On a cold winter day, I squish through the streets
of Greenwich Village
until I stand before 75 1/2 Bedford Street,
the "Narrowest House"
in New York City.
Where lived the widest mind –
her words expanding like swan wings in flight
over the quarrel of water tanks
and tarpaper rooftops
endlessly arguing the city.
Clearly what ails me –
I take up too much space.
I must move to smaller and smaller rooms, crawl
into an overpriced, cubbyhole of my mind and write
crabbed on a stool.
Or maybe jack into one of those
video game follies
where the walls slowly press in
and squeeze –
a giant lemon press for poems. Or garlic.
That’s it! Smash myself
pressed like a stricken butterfly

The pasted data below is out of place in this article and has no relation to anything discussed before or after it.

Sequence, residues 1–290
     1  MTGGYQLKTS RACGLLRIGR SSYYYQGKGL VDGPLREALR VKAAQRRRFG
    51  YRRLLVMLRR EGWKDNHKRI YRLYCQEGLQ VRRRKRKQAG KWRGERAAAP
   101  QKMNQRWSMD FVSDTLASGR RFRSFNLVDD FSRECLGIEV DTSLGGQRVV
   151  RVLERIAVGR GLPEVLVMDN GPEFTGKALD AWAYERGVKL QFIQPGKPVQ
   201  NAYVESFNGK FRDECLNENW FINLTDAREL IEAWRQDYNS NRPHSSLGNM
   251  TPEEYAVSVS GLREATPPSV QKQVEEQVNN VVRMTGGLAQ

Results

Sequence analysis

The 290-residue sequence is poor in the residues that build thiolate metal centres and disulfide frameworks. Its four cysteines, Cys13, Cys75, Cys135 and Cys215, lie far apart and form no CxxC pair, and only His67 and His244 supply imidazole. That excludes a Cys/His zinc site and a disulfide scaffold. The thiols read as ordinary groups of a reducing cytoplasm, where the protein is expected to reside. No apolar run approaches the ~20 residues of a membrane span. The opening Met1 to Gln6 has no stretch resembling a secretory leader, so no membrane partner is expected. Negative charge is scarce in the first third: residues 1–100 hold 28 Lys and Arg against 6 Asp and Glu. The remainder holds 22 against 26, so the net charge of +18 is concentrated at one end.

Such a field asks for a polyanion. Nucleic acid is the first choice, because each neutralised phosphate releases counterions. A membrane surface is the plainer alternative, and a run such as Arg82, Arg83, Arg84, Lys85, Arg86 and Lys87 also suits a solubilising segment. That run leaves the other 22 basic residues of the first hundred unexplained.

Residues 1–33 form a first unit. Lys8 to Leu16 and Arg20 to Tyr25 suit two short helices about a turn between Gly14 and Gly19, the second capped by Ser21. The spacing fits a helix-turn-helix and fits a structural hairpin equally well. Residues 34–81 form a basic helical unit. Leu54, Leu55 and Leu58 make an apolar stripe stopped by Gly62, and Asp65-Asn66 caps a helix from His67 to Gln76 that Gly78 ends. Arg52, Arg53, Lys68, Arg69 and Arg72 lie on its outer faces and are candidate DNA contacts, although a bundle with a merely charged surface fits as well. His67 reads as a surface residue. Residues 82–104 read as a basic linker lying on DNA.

between the pages of a dictionary.
Yes, that is how it’s done.
To grow bigger, get smaller,
Squeeze and squint and scrutinize
the margins, annotations, punctuation,
the endless inky spaces
Smaller. Swooning past atoms,
forgetting even the names
of electrons and protons.
squirting from mathematical cans.
Smaller. Past the hearse whisperer. The ferryman.
The exquisite, infinite, idiocy of nothingness.
For Shay’s Word Garden